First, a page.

Baked Potatoes Are Only As Good As The Wire Rack Beneath Them

Piercing the skin, omitting foil, and cooking at the right temperature are key elements that come together for one of the simplest methods of making potatoes. However, your baked potatoes are only really as good as the wire rack beneath them. If you've ever cooked your spuds on a baking tray, you'll likely have noticed some unevenness in the cooking. There will be a hard spot, one that's cooked more than the rest of the potato. This happens because that side is in direct contact with the baking tray and all the heat of the tray is focused onto the bottom of your tubers. 

For the best results, the heat needs to circulate evenly around the potato. A great way to do this is to place them directly on the grates in the oven. But if that makes you uncomfortable, an excellent solution is to simply place a wire rack on your baking sheet. Wire racks are simple tools you can purchase online or in the equipment section of your local grocery store. What the rack does is lift the potatoes off of the baking tray, allowing the heat of the oven and the tray to circulate evenly around the potatoes, thereby baking them evenly.

How to bake potatoes using a wire rack

Any successfully baked potato begins with the correct choice of potato. Russets are the undisputed ruler of the baked potato sphere, but any tuber that is high in starch and relatively low in moisture is going to be the best choice for your bake. Yukon Gold and Kennebec potatoes are also great, all-purpose options. Once your choice of spuds has been rinsed, thoroughly dried, and pierced, you can lay them on the wire rack you've placed within a rimmed baking sheet.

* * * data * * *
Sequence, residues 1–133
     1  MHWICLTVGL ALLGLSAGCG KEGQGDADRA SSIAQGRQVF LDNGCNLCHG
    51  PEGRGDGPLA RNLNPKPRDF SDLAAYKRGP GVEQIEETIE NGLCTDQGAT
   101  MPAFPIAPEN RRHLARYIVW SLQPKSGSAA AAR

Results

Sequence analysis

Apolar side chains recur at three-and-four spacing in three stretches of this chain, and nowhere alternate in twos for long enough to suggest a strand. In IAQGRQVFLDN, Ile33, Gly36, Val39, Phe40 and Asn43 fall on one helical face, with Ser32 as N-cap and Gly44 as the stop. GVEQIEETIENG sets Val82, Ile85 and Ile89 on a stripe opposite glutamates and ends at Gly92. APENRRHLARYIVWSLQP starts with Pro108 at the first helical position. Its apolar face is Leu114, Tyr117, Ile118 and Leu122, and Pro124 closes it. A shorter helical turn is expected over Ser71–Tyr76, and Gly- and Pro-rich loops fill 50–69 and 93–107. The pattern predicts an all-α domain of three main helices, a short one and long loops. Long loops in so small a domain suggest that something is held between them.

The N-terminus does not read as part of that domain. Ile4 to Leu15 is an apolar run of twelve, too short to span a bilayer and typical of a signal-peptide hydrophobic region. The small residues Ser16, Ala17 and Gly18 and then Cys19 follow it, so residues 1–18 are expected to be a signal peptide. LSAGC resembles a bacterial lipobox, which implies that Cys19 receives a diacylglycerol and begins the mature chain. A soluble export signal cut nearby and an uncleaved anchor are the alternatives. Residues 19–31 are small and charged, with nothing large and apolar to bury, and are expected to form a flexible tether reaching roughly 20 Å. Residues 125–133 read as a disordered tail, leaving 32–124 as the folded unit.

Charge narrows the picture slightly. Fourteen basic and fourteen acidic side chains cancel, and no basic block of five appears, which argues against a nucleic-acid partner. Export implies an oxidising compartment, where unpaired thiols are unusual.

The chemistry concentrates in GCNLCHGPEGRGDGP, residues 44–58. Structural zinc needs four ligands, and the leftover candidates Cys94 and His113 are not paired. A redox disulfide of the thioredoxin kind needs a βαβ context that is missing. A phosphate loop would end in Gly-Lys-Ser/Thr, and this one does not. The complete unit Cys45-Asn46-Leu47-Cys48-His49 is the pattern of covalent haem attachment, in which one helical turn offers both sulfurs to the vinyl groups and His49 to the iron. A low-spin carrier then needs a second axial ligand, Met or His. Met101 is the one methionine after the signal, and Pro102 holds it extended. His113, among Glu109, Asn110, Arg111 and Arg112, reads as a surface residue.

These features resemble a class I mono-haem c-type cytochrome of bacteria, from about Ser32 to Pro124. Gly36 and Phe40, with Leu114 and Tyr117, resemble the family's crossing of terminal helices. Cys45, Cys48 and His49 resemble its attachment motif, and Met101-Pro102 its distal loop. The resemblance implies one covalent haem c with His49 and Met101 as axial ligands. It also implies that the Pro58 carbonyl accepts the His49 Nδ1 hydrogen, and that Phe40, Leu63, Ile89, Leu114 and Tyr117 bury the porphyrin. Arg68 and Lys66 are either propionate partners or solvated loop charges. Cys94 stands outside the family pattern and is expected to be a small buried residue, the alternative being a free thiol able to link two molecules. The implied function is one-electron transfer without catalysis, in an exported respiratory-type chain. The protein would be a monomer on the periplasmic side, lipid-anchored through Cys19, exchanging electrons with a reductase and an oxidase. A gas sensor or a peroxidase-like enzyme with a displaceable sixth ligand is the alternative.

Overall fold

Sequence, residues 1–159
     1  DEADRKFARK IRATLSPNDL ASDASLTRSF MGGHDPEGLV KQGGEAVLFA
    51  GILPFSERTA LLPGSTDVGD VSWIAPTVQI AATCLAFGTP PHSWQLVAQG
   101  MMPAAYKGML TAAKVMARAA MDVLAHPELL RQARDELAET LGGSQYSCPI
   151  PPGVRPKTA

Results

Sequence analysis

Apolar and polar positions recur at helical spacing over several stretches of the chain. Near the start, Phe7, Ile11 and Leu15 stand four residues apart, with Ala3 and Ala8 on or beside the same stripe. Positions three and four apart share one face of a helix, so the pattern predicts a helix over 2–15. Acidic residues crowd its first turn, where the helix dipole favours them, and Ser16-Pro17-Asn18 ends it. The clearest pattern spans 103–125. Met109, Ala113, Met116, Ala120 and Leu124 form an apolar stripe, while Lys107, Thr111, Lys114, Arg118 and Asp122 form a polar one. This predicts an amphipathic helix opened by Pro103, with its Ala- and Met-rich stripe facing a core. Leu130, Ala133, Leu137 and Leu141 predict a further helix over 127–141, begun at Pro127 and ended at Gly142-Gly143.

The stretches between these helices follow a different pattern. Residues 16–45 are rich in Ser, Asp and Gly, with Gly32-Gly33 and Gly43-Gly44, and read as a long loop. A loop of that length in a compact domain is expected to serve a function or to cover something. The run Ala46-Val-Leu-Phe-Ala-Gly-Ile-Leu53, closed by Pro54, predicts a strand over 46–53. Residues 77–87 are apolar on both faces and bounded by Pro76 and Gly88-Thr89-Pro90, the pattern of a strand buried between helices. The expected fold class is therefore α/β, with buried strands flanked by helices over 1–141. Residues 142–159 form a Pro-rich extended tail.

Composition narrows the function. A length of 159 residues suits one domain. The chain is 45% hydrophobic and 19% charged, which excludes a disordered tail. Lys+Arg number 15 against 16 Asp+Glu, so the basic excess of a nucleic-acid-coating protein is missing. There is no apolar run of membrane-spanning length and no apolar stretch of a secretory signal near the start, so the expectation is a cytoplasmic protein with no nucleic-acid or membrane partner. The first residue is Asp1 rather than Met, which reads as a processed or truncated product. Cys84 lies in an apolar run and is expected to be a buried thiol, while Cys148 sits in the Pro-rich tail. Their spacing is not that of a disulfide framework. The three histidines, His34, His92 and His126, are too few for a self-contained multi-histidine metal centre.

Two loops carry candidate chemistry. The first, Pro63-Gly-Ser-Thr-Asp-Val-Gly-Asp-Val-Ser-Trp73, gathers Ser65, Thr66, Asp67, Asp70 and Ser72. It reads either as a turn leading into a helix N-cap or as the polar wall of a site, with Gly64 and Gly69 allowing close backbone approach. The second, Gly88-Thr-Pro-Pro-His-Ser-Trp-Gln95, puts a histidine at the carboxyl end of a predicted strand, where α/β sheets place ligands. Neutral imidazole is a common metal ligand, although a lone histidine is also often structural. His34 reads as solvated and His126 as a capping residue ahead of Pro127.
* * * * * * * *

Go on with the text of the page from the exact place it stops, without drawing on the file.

Next, arrange the potatoes as evenly as you can, making sure to give them ample space between one another in order for the heat to circulate properly. Depending on the size of your spuds, you should be able to fit a decent amount of them on one sheet. If you're cooking for a crowd, you'll likely need to bake your potatoes in batches.

As your tubers bake in the oven, the heat will penetrate every part of them thanks to the application of the wire rack. You can bake potatoes slowly at 300 degrees Fahrenheit for an hour and a half or faster at 450 degrees for 45 minutes. The result should be soft, mildly crispy skins, and a gorgeously pillowy interior. No hard spots, no burning, just all-around baked goodness.